Liquid/Liquid Experiments. The CCl4/H2O experimentspresented here were performed using a commercially availableVSFS system from Ekspla (Vilnius, Lithuania) and sample cellthat has been previously described.7,34 For the VSFS experi-ments, a 532 nm visible beam from the frequency doubled outputof picosecond Nd:YAG laser is overlapped spatially and tempo-rally with the output of an IR generator pumped by the samesource. The IR is tunable from 1000 to 4300 cm1. The beamenergies used were 80 J and200250 J for the visible and IRbeams, respectively. The beam angles were chosen to maintain atotal internal reflection geometry for the visible beam for allconcentrations examined: 69.5 and 75 for the visible and IRbeams, respectively. Multiple spectra of each interface were takenand averaged to achieve an acceptable signal-to-noise level. Eachspectrumwas normalized for the IR and 532 nm output as well asthe absorption of the prism.The VSFS spectra are extremely sensitive to chemical impu-

    rities, so great care was taken to eliminate any eects from these.CCl4 (g99.9% , Chromosolv HPLC grade) was purchasedfrom Sigma-Aldrich and twice distilled before use. The HCl andNaOH were both purchased from Sigma-Aldrich. The HCl wasACS reagent grade, 37%, andwas used from the bottle formakingacidic solutions. NaOHpellets, 99.998%metals basis purity, wereused for the basic experiments. Although of high-grade purity,using the NaOH pellets as purchased yielded inconsistent results

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    The Journal of Physical Chemistry C ARTICLE

    and often gave spectra similar to those containing small con-centrations of surfactants. To overcome this, the NaOH pelletswere baked in an oven at 220 for 12 h prior to use. Freshsolutions were prepared each day, and the pH was tested prior touse with indicator strips. The sample cell and all glassware werecleaned in NoChromix (Godax Laboratories) dissolved in con-centrated sulfuric acid, then rinsed copiously with water from aNanopure II system.Solid/Liquid Experiments. VSFS experiments at solid/liquid

    interfaces were performed using a custom-built IR generationsystem. The master oscillator is a Spectra-Physics Lab 110 Nd:YAG laser (10 Hz, 600 mJ, 6.5 ns, 1064 nm) the output of whichis split to pump a potassium titanyl phospate (KTP) frequencydoubler and an optical parametric oscillator (OPA). The fre-quency doubled output of 60 mJ is used to pump a double-passKTP optical parametric oscillator (OPO). The remainder of the532 nm doubled output is then attenuated and polarizationselected before being sent toward the interface. Typically, 1.5 mJof 532 nmwas used at the sample area. OPO output is mixed with120 mJ of the 1064 nm fundamental in a two-stage (four-crystal) potassium titanyl arsenate OPA. The tunable OPAoutput ranges from 2600 cm1 to 4000 cm1 (14 mJ) with a2 cm1 bandwidth.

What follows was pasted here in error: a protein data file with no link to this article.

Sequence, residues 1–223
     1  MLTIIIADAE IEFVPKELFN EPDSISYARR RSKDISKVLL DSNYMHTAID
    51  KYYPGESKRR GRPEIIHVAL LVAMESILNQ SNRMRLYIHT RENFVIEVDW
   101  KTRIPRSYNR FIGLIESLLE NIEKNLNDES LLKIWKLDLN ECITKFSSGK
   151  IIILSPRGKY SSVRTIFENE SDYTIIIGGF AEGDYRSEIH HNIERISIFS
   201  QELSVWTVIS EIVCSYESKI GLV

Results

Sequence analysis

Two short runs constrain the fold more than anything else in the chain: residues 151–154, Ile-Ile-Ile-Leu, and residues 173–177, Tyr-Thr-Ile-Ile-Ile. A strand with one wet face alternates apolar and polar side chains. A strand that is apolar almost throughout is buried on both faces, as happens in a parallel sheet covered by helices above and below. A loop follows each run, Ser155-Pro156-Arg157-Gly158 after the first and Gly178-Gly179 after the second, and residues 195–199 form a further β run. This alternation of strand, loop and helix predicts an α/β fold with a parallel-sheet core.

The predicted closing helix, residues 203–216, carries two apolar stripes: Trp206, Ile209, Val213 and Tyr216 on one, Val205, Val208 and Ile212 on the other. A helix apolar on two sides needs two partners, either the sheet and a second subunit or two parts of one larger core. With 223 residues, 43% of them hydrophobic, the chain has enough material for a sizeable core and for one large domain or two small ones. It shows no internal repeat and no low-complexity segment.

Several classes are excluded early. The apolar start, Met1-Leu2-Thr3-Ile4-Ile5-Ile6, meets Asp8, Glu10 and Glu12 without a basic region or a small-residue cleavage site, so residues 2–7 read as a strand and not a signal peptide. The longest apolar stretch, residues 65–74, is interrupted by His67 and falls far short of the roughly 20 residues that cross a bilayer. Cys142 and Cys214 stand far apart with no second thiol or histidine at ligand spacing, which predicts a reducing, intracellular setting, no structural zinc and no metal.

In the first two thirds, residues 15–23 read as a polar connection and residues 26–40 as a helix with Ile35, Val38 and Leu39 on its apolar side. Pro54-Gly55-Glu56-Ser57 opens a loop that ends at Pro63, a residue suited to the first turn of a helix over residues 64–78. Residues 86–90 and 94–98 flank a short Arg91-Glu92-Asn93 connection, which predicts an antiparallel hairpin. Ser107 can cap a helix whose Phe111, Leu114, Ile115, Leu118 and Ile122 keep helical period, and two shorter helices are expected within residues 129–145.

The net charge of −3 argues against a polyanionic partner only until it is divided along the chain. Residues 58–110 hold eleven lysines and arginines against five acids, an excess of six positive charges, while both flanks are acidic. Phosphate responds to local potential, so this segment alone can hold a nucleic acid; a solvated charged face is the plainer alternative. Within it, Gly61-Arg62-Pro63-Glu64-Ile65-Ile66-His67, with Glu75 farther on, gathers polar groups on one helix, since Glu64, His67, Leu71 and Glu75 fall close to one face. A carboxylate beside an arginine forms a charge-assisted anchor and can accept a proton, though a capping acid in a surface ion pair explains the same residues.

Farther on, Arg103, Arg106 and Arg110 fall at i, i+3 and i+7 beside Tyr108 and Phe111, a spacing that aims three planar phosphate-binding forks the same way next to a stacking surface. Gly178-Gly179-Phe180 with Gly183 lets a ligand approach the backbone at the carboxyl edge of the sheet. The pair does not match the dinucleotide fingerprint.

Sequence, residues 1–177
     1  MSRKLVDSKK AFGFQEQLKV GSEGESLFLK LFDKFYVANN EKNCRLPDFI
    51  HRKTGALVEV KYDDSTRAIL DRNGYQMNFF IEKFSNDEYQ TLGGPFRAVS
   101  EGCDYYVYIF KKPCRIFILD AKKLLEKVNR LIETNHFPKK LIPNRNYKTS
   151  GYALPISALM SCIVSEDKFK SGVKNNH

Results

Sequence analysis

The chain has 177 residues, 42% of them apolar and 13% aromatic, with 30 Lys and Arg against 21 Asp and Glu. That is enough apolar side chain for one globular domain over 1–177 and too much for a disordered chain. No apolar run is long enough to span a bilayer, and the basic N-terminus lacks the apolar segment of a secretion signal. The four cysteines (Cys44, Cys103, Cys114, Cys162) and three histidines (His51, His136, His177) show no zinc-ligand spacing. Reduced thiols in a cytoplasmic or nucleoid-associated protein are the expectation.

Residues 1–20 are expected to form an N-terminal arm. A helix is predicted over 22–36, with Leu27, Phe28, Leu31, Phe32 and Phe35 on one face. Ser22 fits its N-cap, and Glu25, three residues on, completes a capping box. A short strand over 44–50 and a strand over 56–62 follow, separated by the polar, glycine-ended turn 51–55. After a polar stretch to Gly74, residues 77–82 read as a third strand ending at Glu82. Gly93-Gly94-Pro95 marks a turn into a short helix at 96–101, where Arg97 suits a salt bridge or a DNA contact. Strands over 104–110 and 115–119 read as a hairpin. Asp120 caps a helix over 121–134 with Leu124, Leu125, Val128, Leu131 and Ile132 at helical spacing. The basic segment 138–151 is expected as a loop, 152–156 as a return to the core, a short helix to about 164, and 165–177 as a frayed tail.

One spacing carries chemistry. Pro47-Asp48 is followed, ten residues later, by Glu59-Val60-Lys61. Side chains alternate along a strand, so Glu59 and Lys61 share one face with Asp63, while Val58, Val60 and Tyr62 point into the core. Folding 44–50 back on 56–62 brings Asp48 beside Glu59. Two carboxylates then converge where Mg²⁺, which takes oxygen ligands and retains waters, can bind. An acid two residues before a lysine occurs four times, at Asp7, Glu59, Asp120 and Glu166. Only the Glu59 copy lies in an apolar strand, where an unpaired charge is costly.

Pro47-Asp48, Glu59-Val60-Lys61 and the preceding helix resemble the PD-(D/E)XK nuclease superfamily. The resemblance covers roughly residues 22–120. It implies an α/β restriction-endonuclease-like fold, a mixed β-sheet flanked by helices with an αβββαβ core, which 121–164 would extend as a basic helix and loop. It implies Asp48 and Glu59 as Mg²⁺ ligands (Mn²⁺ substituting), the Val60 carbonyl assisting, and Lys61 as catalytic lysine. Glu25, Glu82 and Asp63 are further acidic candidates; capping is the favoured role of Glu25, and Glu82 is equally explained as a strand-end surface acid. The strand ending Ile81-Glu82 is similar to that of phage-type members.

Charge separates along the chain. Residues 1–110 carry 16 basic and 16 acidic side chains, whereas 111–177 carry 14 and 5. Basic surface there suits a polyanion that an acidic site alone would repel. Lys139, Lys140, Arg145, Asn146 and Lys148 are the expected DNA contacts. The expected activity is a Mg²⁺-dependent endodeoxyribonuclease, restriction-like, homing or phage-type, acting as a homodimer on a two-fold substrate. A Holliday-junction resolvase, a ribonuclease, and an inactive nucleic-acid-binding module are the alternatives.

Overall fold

Samples were compression tted onto a Kel-F sample cell witha Kalrez O-ring. IR and visible beams were directed at the samplethrough a 23.1, triangular IR grade fused silica prism with a 1 in.2top surface (ISP Optics). Beam angles relative to the opticalbench surface were 17 and 23.1 for the IR and 532 nm,respectively. Samples were mated to the prism via a drop ofmicroscope immersion oil (Cargille, custom code 43421). Thespectra were normalized for IR adsorption of the prism andsample plate.The two types of coatings used in this paper are FDS and ODS

    and are shown in Figure 1. FDSmonolayers were deposited using1H,1H,2H,2H-peruorodecyltriethoxysilane (FDES) (Gelest,Tullytown, PA) precursors via LangmuirBlodgett (LB) deposi-tion on a KSV Minitrough. After verifying the trough cleanlinessby measuring the surface tension of water (72.4 ( 0.2 mN/m),the trough was lled with 0.01 M hydrochloric acid to catalyzethe cleavage of the ethoxy groups. After immersing a substrate inthe dipping well, a 13 M solution of FDES precursors inCHCl3, the exact concentration determined by mass, was spreadon the surface of the liquid layer to a starting density of 1molecule per 45 2. This surface layer was then equilibrated for30 min. The barriers were then compressed to a surface pressureof 15 mN/m (27 2 mean molecular area) at which point thesubstrate was withdrawn from the trough at a rate of 5 mm/min.ODS monolayers were prepared using a solution phase

    deposition technique similar to methods previously published.55

    First, a freshly cleaned SiO2 substrate was humidied for 30 minover a saturated solution of Ca(NO3)2. The substrate was thensoaked in a 4:1 (vol:vol) solution of hexadecane/CCl4 with a1 mM concentration of octadecyltrichlorosilane (Gelest) for 6 h.The ODS sample was then rinsed with hexadecane, chloroform,acetone, and methanol and sonicated for 1 min in CHCl3,followed by rinsing with acetone and methanol. Lastly the SAMswere blown dry with argon. Both FDS and ODS monolayerswere cured at 110 C for 1 h. All samples were stor...